GLENDALE, Ariz. -- The Dodgers bring back the nucleus of a National League pennant-winning club, having already reaped the rewards of a youth movement from back-to-back NL Rookies of the Year Award winners. With a healthy Clayton Kershaw and the return of a rejuvenated Matt Kemp, spring optimism is at a high.
What's the goal?
One more win. You can't get much closer and not win the World Series than the Dodgers last year. Manager Dave Roberts has focused on threading the needle in camp, urging players to remember how close they came without obsessing over how close they came. He has essentially the same roster that took the franchise to the cusp of a ring, because there was no need for major changes. The Dodgers have won a dynasty-like five consecutive division titles and don't expect to be dethroned. But to a generation of Dodgers fans that never watched Kirk Gibson wear the uniform, division titles and pennants aren't enough.
What's the plan?
Win, but not at all costs. Although the Dodgers appear so close, and despite an opt-out clause that could shorten the Kershaw window to only one more season, the Dodgers are trying to win it all while tightening the belt and slashing the payroll below the competitive balance tax threshold of $197 million. It will be a neat trick if they pull it off. And, they would argue, a team one win shy of a World Series title doesn't need a lot of retooling.
Corey Seager and Cody Bellinger represent a seamless talent infusion from the Minor League system, while the front office's progressive approach to changes in the game are evident in offensive launch angles and pitching bullpenning. The starting rotation appears deep and set, and any bullpen with Kenley Jansen in it is formidable. A motivated Kemp only lengthens an already productive lineup.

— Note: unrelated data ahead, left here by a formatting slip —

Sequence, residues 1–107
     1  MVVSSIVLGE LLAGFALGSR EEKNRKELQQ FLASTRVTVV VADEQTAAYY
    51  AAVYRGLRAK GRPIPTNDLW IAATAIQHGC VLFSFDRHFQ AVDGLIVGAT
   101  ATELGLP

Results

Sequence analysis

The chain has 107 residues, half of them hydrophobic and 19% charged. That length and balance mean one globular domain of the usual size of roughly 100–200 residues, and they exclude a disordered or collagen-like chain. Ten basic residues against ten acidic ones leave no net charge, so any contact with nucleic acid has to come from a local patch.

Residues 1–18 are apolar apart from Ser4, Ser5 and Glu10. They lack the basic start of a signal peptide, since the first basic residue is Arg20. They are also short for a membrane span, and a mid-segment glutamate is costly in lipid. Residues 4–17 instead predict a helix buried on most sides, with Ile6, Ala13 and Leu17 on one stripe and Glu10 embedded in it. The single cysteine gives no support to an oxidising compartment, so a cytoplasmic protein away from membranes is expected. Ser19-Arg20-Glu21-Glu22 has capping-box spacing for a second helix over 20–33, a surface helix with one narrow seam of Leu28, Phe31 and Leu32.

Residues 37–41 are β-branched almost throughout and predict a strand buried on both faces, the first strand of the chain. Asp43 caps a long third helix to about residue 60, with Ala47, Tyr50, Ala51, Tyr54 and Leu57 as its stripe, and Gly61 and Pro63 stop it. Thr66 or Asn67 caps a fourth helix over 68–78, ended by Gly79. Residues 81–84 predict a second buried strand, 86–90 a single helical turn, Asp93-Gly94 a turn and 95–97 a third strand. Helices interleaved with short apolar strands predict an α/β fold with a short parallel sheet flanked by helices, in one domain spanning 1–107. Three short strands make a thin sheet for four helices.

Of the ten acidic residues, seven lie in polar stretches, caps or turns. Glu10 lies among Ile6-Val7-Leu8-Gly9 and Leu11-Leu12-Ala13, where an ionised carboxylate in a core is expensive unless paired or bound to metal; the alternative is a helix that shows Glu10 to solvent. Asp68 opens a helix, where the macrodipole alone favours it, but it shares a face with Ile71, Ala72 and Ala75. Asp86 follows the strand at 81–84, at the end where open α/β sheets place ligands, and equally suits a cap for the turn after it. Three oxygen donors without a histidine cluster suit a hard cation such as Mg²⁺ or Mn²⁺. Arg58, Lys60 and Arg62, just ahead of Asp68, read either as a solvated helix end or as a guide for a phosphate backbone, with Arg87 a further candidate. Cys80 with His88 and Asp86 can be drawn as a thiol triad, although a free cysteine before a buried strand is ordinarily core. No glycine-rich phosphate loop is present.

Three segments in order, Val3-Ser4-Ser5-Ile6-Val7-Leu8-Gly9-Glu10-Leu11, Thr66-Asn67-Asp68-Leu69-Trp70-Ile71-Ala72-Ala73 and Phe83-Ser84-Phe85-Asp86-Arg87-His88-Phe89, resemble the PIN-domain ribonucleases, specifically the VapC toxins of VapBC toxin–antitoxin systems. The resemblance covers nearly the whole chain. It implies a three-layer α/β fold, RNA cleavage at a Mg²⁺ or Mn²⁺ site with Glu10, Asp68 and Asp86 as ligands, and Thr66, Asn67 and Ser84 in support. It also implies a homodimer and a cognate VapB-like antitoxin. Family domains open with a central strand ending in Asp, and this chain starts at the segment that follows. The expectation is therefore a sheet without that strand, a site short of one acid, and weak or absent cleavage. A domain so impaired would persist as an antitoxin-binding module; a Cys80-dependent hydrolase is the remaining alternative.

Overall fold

What could go wrong?
An injury to Seager's right elbow. Every team's best-laid plans can be torpedoed by unforeseen injuries, but everybody already knows the Dodgers' talented shortstop is hurt. Nobody knows if he can put off Tommy John surgery forever, or until the first throw from the hole. The answer will have a lot to say about the club's fortunes, because you just don't replace a superstar. Speaking of superstars, can Bellinger avoid the sophomore jinx? He's bulked up, if that matters.
Then there's the starting rotation. All five pitchers were on the disabled list last year, and this year's "depth" is young and less plentiful. Walker Buehler is waiting in the wings if the club can keep him healthier than it did Julio Urias, who might contribute after left shoulder surgery. In the bullpen, there will be the annual search for somebody to set up Jansen's saves.
Then there's Justin Turner's spring injury, which the club hopes won't keep him out too long. Still, wrist injuries can be problematic, and it's worth wondering how strong Turner will be when he returns.
Who might surprise?
Kemp? Really? Okay, maybe he gets traded, which was the original plan when management took him back in a salary swap. The funny thing is, even with declining defensive metrics, 20-plus home runs are probably more than the Dodgers will receive from any of his competitors in left field. Kemp is in the best shape that he's been in in years, although left ankle and hip health remain a concern. He seems happy, determined and has been welcomed back in the clubhouse. Sure, that can change on a dime, but we are talking about one of the more talented Dodgers of the last few decades.
Kemp's might be just the best right-handed bat to protect Bellinger in the batting order. So, maybe Buehler pulls off a Bellinger and shows up sooner than expected or maybe Urias shakes off shoulder surgery faster than projected, but a Kemp rebound might be the greatest surprise of them all.